The slow, steady dismantling of Sears (NASDAQ: SHLD) for parts has taken another big step forward.
Stanley Black & Decker (NYSE: SWK) has made a deal to buy the company's Craftsman brand. The deal allows Stanley to develop, manufacture and sell Craftsman-branded products in non-Sears Holdings retail, industrial and online sales channels globally. Sears will still be able to sell Craftsman wares sourced from existing suppliers through its current retail channels via a perpetual license from Stanley Black & Decker.
"We are pleased to reach this agreement, after determining that externalizing the Craftsman brand would accomplish our goals of driving value for Sears Holdings and positioning Craftsman for future growth," said Sears CEO Eddie Lampert in a press release. " This transaction represents a significant step in our ongoing transformation to a membership focused business model."
What does the deal mean?
Sears will get some money to help meet its immediate needs and it will be able to continue selling Craftsman as it always has. The company will also receive $525 million at closing, $250 million at end of year three, and annual payments on new Stanley Black & Decker Craftsman sales through year 15 (2.5% through 2020, 3% through January 2023, and 3.5% thereafter). The value of these payments will be approximately $900 million. After 15 years Sears will still be able to sell the brand, but will start paying a 3% royalty.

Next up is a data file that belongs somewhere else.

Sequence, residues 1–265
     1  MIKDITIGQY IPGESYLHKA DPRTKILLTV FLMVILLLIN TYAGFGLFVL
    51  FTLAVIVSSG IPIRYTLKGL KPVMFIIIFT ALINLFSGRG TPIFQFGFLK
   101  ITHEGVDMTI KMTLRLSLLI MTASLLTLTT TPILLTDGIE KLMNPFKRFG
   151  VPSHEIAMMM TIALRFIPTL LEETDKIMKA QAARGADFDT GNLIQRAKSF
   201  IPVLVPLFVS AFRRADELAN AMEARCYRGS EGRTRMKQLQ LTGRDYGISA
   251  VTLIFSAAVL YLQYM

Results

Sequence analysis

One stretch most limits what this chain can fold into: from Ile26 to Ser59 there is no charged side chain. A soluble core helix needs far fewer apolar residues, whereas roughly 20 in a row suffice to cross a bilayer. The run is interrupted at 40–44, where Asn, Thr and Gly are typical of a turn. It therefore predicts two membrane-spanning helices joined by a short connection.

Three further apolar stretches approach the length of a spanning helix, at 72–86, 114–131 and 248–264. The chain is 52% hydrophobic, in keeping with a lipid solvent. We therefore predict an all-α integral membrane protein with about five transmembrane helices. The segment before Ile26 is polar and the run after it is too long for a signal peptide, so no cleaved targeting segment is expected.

Stanley Black & Decker will be getting the right to expand Craftsman into new channels. Currently, according to the press release, only approximately 10% of Craftsman-branded products are sold outside of Sears-owned locations.
"This agreement represents a significant opportunity to grow the market by increasing the availability of Craftsman products to consumers in previously underpenetrated channels," said Stanley Black & Decker CEO James M. Loree. "We intend to invest in the brand and rapidly increase sales through these new channels, including retail, industrial, mobile and online. To accommodate the future growth of Craftsman, we intend to expand our manufacturing footprint in the U.S. This will add jobs in the U.S., where we have increased our manufacturing headcount by 40% in the past three years."
This might be good for all
In making this deal, Sears gets to have its cake and eat it too. The company can continue selling its iconic brand while also participating in its growth, but without having to do anything. An increase in marketing the Craftsman name may send more customers to Sears -- and if not, at least the chain will get years' worth of royalties.
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Daniel Kline has no position in any stocks mentioned.